We are not that unlike the people of Ladakh.
The World would offer us a tower: a hubris that seeks to erode our identity, create doubt and insecurity.
But The Holy Spirit is to comfort us in our anxiety, provide advocacy through our insecurity, and peace in our fear.
Jesus promised, the Giver of Life "will teach you everything, and remind you of all that I have said to you. Peace I leave with you; my peace I give to you. I do not give to you as the world gives. Do not let your hearts be troubled, and do not let them be afraid."
The glory that you have given me I have given them, so that they may be one, as we are one, I in them and you in me, that they may become completely one, so that the world may know that you have sent me and have loved them even as you have loved me.
This is part of a long prayer from Jesus; an intercessory prayer from Jesus to God on behalf of the disciples.
It occurs just after the last supper and before his arrest. In John, there are added several chapters here: teachings Jesus gives to the disciples about the indwelling of God. Abiding in God…and about the Spirit/advocate who is to come who will prove the destructive forces of the World are wrong.
Through this prayer Jesus gives us the shape of eternal life; for his prayer is for his disciples, for us, and through the notion that the love of God and the Spirit of one-ness transcends time; it encompasses the now, the future and this one-ness-in-love which has been since before the foundation of the world.
Father, I desire that those also, whom you have given me, may be with me where I am, to see my glory, which you have given me because you loved me before the foundation of the world.
Scholar Meda Stamper reflects, “eternal life will be an extension of the love of God stretching back before the foundation of the world, forward to us, and beyond us to the communion of the saints - and to those who may be able to experience God’s love through us.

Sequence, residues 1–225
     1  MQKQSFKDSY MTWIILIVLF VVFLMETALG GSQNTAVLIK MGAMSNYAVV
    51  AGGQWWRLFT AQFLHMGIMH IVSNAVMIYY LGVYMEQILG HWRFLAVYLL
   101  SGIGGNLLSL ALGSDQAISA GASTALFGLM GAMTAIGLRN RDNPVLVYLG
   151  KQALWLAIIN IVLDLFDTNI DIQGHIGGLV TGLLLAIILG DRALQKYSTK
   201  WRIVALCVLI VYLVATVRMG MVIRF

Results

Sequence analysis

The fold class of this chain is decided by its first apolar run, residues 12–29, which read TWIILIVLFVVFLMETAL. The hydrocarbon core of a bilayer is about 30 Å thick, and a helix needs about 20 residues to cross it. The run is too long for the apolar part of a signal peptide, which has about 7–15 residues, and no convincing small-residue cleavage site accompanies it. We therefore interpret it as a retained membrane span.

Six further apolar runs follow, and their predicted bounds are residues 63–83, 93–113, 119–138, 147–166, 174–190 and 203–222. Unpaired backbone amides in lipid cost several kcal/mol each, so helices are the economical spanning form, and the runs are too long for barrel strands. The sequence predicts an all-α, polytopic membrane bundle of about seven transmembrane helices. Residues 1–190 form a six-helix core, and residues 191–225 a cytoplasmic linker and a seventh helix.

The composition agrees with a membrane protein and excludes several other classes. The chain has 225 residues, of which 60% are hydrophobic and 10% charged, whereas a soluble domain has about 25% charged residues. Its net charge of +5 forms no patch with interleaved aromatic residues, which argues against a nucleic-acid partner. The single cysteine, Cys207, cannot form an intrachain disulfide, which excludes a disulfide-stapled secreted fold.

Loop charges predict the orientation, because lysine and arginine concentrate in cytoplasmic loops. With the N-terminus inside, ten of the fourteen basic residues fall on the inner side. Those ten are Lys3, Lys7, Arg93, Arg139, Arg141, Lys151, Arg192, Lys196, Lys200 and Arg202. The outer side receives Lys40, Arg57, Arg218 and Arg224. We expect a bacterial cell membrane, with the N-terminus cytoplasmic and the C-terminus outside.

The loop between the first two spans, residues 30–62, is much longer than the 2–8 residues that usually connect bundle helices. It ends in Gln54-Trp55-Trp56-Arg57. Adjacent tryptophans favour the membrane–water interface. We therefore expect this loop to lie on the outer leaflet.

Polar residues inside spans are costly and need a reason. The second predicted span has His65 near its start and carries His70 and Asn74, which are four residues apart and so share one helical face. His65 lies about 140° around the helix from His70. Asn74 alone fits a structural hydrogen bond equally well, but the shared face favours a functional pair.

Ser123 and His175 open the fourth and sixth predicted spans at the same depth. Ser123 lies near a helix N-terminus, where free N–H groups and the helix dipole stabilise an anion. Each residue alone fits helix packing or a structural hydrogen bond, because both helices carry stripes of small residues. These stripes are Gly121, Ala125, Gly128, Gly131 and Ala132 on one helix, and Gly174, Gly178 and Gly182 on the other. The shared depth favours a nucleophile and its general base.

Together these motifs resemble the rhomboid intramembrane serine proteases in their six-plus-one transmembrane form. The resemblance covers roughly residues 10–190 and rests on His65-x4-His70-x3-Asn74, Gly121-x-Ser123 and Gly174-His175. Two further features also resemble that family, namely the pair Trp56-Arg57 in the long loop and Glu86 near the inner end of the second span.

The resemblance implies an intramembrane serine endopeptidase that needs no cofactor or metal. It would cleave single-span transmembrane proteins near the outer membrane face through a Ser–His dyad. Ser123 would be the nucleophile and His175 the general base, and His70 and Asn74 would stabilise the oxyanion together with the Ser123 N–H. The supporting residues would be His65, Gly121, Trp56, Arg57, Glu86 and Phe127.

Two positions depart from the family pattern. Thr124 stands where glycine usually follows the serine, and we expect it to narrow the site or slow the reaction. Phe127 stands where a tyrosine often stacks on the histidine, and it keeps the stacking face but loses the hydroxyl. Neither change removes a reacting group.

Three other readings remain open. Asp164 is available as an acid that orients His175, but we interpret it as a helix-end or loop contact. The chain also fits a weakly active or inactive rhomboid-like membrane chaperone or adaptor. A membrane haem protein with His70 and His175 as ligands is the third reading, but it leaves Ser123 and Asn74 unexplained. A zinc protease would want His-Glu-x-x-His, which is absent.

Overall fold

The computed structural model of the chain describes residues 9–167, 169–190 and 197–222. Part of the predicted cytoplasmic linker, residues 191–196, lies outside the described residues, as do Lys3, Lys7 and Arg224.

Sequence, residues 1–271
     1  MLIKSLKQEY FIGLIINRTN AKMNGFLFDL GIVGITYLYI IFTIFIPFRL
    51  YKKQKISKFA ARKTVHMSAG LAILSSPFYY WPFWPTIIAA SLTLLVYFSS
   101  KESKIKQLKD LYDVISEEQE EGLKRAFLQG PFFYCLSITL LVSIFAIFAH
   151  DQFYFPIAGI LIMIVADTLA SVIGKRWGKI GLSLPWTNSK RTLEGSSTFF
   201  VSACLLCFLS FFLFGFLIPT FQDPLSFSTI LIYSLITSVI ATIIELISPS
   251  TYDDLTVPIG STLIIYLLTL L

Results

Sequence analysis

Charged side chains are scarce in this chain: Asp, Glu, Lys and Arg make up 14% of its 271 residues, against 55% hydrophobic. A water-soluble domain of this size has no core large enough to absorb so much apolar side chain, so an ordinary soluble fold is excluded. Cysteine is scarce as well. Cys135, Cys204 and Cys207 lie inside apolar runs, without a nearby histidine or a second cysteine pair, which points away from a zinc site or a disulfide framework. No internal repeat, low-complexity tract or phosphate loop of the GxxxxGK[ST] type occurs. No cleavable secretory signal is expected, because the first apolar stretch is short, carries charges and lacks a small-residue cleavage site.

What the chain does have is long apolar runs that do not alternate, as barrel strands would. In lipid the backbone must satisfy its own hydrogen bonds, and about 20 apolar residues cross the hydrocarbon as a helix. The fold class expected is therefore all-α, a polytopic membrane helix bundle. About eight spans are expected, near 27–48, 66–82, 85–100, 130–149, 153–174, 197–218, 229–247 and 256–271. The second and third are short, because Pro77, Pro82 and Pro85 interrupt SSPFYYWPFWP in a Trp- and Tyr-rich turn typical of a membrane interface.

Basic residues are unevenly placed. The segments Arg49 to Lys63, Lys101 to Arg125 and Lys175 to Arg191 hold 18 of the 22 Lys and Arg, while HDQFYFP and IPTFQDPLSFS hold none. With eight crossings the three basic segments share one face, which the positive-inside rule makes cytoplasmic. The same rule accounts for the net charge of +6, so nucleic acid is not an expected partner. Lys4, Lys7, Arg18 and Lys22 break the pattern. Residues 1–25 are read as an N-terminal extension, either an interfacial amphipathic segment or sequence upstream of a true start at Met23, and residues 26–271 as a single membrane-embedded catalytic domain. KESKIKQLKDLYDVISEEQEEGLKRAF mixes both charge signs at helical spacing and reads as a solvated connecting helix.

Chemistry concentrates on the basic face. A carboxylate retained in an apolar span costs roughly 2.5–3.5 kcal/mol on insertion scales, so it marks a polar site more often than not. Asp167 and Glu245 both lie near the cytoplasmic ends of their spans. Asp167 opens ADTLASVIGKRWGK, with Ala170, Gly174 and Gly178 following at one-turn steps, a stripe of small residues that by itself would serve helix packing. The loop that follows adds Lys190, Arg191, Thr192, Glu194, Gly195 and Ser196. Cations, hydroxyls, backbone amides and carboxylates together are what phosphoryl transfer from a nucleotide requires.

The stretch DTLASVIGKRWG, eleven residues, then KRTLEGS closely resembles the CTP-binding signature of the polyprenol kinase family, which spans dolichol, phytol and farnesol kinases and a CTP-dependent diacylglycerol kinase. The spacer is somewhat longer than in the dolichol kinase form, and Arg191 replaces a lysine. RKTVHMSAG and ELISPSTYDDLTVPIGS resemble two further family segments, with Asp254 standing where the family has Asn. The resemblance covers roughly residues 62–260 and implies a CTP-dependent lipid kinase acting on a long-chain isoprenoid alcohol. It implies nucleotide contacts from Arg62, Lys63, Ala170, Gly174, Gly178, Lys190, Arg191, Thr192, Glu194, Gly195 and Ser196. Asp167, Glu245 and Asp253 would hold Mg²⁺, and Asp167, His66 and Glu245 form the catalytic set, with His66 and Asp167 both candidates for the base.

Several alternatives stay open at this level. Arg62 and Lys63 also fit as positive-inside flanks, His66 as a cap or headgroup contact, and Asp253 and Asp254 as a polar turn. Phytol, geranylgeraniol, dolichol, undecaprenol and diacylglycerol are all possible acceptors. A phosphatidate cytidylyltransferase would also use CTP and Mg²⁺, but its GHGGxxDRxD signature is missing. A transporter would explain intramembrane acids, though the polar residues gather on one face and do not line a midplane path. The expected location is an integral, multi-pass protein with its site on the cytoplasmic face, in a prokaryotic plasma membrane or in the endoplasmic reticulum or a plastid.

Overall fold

And so the Easter season culminates where the Gospel began: with Jesus making God known so that the world may know that …we have a place in the creative love of God.”
And here we are with the culmination of the Easter season with two horrific mass shootings…pain that feels unbearable. Since January there have been more than 200 mass shootings (that means shootings involving at least four persons).
On Friday I watched the press conference from the Texas Department of Public Safety (DPS) Col. Steven McCraw, his face contorted in anguish as he read through the events of the day. Finally he cried. I’d say most of us have cried or felt sick to our stomach over these shootings.
We wonder where the love of God in us and through us is manifested?
Corinthians 12 was the first thing that came to mind:
“For we were all baptized by[c] one Spirit so as to form one body—whether Jews or Gentiles, slave or free—and we were all given the one Spirit to drink. Even so, the body is not made up of one part but of many …If one part suffers, every part suffers with it..”
Our pain and anguish is God’s love manifest through us. How else could we feel such pain for people we do not know and haven’t met? We suffer because we have been blessed by God with the capacity to love deeply.
Let us pray for the people of Buffalo and “Youvaalde.” When we pray for them by name, we resist them becoming statistics:
Jose Flores, Jr., 10
Uziyah Garcia, 8
Amerie Jo Garza, 10
Xavier James Lopez, 10
Annabelle Guadalupe Rodriguez, 10
Rojelio Torres, 10
Eliahna “Ellie” Torres, 10
Jacklyn Cazares, 10
Jailah Nicole Silguero, 11
Jayce Carmelo Luevanos, 10
Ellie Garcia, 9
Alithia Ramirez, 10
Layla Salazar, 10
Makenna Lee Elrod, 10
Miranda Mathis, 11
Alexandria “Lexi” Aniyah Rubio, 10
Maite Yuleana Rodriguez, 10
Nevaeh Bravo, 10
Tess Marie Mata, 10
Eva Mireles, 44 (4th grade teacher)
Irma Garcia, 49 (4th grade teacher)
(The shooter was Salvador Ramos, 18.)
Roberta A. Drury, 32
Margus D. Morrison, 52
Andre Mackniel, 53
Aaron Salter, 55
Geraldine Talley, 62
Celestine Chaney, 65
Heyward Patterson, 67
Katherine Massey, 72
Pearl Young, 77
Ruth Whitfield, 86
Their earthly lives were taken violently - and too soon. But we must hold onto the knowledge that they continue in the communion of Saints and in the Body of Christ.
When we take communion we are given (as Paul states) the ONE Spirit to drink and eat. Through our Eucharist we sacramentally express that we are eternally connected to those that have come before us.